ORR is tasked with administering long-term shelters and finding relatives of the children in the United States. Roughly 100 permanent shelters exist and all are currently filled to capacity. Authorities have been forced to open three temporary shelters at military bases in Texas, Oklahoma, and California (CNN). According to Vox, for some 90 percent of children, a relative can be found. Others remain in long-term care or foster homes until their case works its way through the immigration courts. It is possible some of the children could qualify for asylum or some sort of humanitarian protection. However, the minors lack legal representation which would help them obtain such protection, since unaccompanied children are not granted counsel in court proceedings. Many of the released children fail to even show up for their court date. The Department of Homeland Security released a helpful infographic to convey the entire process.
What has the United States done to deal with the problem?
The United States now faces two major issues:
- What to do with the thousands of children who are need to be sheltered?
- What to do to stem the future tide of unaccompanied child migrants from Central America?
Solution to the Current Problem
Aside from creating more temporary shelters, President Obama has called for a response through a new Unified Coordination Group. The Group was created to leverage federal resources to provide humanitarian relief using branches of the Department of Human Services and the Federal Emergency Management Agency (FEMA). The President announced a “surge” of immigration officials at the border and sent more immigration judges to Texas to help with backlogged cases.
Preventing future problems
The more difficult issue is how to prevent an influx of children going forward. Biden’s meeting in Guatemala was aimed at preventing false rumors about U.S. immigration policy to make clear that children crossing the border illegally will be deported. Watch for more on Biden’s visit below:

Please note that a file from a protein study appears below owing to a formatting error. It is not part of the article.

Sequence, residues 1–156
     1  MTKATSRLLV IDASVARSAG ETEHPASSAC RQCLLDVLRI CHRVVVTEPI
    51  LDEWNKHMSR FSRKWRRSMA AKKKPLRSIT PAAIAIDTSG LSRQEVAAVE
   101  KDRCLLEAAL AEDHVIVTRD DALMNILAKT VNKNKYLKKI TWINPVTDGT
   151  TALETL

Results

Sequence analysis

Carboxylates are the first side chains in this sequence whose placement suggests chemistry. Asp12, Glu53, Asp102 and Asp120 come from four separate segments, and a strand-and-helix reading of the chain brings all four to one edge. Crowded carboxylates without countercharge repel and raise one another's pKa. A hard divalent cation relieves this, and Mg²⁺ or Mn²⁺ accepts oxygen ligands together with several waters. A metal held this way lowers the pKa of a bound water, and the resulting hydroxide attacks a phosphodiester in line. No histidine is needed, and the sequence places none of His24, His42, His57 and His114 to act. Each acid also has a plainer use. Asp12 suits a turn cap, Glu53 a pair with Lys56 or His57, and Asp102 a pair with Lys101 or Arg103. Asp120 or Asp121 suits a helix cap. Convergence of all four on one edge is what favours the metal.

The United States also plans to aid Central American countries to prevent drugs, gangs, and violence while improving security. So far, the United States has announced over $80 million in aid to Guatemala, Honduras, and El Salvador. Legislation providing $2.28 billion in funds to handle the food, housing, and transportation of illegal children has advanced in Congress – an increase of $1.4 billion from the Obama administration’s original funding request.
Are there any other solutions?
If billions of dollars are provided to federal agencies and more immigration judges are sent to the Southwest, it is likely to reduce the strain of the current crisis. Some still call for stronger legislation regarding child immigration, but it would be difficult to pass a law specifically hard on children. Others in Central America shift the blame to the United States for lax drug policy which fuels the drug trade and generates violence. Some, such as Department of Homeland Security Secretary Jeh Johnson, suggest the United States should launch a campaign in Central America to warn of the dangers of illegal immigration. The problem, as with any refugee situation, is that such campaigns have little effect if the dangers children are trying to evade are much greater than any posed by the United States. Providing aid to Central American countries to assist with safety, security, and aid for at-risk youth all provide a good starting place. However, the United States must first resolve what to do with all of the children already in the country.